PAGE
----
Jon Mikl Thor always wanted to be a superhero. At school he would wear a Superman outfit underneath his clothes and at recess have kids throw bricks at his head. Shortly after the wounds healed he got into bodybuilding and went on to win numerous titles including Mr. Canada and Mr. USA all before his 21st birthday. John combined his love of music, strength, and superheroes and created one of the first theatrical rock bands, Thor (based off the Norse legend).
Voted one of the best front men of all time, John bends steel bars in his teeth, blows up hot water bottles with his lungs until they explode, and has bricks smashed on his chest. The band enjoyed modest success in the 80’s, mostly in Europe, but never quite made it big. After suffering a severe nervous breakdown in 1987 John retired from show business and moved to North Carolina with his wife to become a normal mortal human being. Ten years after retirement he attempts a comeback to finally achieve the success that had eluded him throughout his career.
‘I Am Thor‘ film follows Thor on his comeback for over a decade as he searches for success in the rock and roll business. With John’s reluctance to hire a manager, he tries to manage himself, which leads to another nervous breakdown that nearly kills him.
Anticipating the WORLD PREMIERE of ‘I Am Thor‘ at the 2015 Slamdance Film Festival we profile the film’s multi-tasking Director/Editor/Co-Producer/Cinematographer Ryan Wise. ‘I Am Thor‘ screens on Sunday, January 25 & Wednesday, January 28, 2015 in Park City, Utah.
Find More Information & Tickets to ‘I Am Thor’ – HERE
From a directing perspective, I Am Thor marks a transition for you from scripted television to an unscripted feature documentary. What are some of the major differences in directing scripted content in relation to unscripted content? Which do you prefer?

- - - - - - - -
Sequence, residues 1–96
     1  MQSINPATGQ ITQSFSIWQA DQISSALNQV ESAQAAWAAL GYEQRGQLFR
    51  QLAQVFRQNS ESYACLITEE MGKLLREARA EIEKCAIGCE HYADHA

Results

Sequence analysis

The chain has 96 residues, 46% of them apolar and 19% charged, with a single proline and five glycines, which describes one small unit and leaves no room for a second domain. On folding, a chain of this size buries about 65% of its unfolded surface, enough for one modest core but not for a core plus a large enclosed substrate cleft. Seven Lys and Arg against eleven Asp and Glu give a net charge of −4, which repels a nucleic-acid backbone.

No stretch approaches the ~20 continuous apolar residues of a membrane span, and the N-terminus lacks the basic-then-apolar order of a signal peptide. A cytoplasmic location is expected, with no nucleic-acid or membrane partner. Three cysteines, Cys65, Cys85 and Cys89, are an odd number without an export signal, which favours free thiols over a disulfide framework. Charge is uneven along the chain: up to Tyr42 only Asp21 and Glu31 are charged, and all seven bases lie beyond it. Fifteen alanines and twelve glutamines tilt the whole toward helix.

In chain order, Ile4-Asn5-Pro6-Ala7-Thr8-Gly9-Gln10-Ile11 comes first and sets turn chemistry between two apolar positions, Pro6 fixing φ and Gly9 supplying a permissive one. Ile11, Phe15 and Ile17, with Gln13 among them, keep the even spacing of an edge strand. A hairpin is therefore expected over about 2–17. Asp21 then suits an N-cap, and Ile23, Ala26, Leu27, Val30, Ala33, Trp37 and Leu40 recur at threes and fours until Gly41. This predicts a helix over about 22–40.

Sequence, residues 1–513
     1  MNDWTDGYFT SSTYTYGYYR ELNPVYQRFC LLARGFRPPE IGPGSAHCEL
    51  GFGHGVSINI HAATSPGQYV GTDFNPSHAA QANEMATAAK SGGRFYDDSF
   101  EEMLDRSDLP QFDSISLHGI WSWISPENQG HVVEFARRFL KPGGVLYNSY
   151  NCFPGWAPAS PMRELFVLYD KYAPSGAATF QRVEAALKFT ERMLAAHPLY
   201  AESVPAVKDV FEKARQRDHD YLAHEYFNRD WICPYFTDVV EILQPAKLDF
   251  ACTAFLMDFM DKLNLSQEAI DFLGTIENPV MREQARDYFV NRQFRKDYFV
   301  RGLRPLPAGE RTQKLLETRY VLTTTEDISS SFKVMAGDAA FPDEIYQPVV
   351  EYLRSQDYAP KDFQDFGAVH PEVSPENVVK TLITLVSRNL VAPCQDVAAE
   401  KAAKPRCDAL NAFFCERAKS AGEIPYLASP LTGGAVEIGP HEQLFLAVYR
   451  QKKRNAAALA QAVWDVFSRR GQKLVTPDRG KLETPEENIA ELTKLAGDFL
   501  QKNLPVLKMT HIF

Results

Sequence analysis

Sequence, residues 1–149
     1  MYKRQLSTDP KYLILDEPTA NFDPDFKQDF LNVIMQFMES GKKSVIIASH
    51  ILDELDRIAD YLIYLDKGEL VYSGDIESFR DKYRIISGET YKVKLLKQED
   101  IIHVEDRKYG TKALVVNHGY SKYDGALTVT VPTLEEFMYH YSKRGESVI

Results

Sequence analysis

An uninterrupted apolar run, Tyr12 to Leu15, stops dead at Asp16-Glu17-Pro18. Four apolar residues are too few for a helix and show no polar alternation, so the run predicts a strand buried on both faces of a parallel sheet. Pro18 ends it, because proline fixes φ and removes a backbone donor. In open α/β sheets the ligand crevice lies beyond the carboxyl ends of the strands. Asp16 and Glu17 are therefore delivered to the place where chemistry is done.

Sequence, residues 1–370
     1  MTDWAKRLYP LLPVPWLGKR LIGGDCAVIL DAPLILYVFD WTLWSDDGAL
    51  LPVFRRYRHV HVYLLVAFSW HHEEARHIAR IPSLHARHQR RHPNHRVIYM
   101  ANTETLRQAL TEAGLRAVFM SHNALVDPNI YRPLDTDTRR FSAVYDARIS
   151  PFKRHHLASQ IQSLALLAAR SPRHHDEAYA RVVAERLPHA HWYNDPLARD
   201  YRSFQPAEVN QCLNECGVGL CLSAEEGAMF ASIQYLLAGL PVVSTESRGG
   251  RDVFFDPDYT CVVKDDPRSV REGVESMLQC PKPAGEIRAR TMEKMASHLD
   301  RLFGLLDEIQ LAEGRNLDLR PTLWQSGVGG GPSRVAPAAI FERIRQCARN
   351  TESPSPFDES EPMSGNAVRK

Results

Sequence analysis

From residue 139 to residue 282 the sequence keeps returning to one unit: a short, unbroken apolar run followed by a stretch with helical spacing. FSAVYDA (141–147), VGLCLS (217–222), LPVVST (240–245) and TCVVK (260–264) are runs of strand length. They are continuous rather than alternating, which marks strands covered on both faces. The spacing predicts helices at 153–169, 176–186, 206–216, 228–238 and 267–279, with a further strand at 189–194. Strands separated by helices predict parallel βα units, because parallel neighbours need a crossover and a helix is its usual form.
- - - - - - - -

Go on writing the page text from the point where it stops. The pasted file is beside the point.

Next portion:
Ironically since I Am Thor took so long to finish, my scripted career really started during the making of this documentary. In scripted content everything is pretty much written beforehand, you have your actors and you know your shooting locations. With the documentary, I Am Thor, we didn’t know where we were going a lot of times. There was no script. We would follow him on tours and sometimes Thor didn’t even know where he was going. It’s a lot of fun – it’s an adventure. You never know where the documentary is going to take you. We didn’t know the ending until years later. One time Thor told us that he was going to perform a marriage ceremony for a couple of fans inside a huge laser dome in Canada. So we shot him in dressed up in his Thor costume and hammer performing the ceremony for two lucky fans. We never saw that coming and it ended up in the movie.
Jon Mikl Thor’s story is fascinating. He embodies such a larger than life persona. As a storyteller, what was it in particular about Jon that inspired you to tell his story? Were there any specific themes you were interested in exploring?